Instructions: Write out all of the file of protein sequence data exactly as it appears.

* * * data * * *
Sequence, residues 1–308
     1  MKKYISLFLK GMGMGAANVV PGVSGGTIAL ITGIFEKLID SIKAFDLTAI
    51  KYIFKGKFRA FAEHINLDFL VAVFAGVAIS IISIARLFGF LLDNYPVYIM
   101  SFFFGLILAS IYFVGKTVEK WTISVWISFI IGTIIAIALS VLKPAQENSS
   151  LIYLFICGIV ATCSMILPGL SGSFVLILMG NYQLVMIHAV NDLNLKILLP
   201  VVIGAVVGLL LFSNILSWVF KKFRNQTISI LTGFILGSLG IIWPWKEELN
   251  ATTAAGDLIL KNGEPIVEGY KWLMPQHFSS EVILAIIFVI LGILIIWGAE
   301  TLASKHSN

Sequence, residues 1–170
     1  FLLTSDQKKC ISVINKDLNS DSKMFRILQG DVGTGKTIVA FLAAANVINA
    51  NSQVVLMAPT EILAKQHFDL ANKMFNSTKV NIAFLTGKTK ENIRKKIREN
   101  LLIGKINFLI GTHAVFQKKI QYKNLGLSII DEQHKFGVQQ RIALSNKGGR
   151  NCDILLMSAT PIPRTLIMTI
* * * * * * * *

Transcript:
Sequence, residues 1–308
     1  MKKYISLFLK GMGMGAANVV PGVSGGTIAL ITGIFEKLID SIKAFDLTAI
    51  KYIFKGKFRA FAEHINLDFL VAVFAGVAIS IISIARLFGF LLDNYPVYIM
   101  SFFFGLILAS IYFVGKTVEK WTISVWISFI IGTIIAIALS VLKPAQENSS
   151  LIYLFICGIV ATCSMILPGL SGSFVLILMG NYQLVMIHAV NDLNLKILLP
   201  VVIGAVVGLL LFSNILSWVF KKFRNQTISI LTGFILGSLG IIWPWKEELN
   251  ATTAAGDLIL KNGEPIVEGY KWLMPQHFSS EVILAIIFVI LGILIIWGAE
   301  TLASKHSN

Sequence, residues 1–170
     1  FLLTSDQKKC ISVINKDLNS DSKMFRILQG DVGTGKTIVA FLAAANVINA
    51  NSQVVLMAPT EILAKQHFDL ANKMFNSTKV NIAFLTGKTK ENIRKKIREN
   101  LLIGKINFLI GTHAVFQKKI QYKNLGLSII DEQHKFGVQQ RIALSNKGGR
   151  NCDILLMSAT PIPRTLIMTI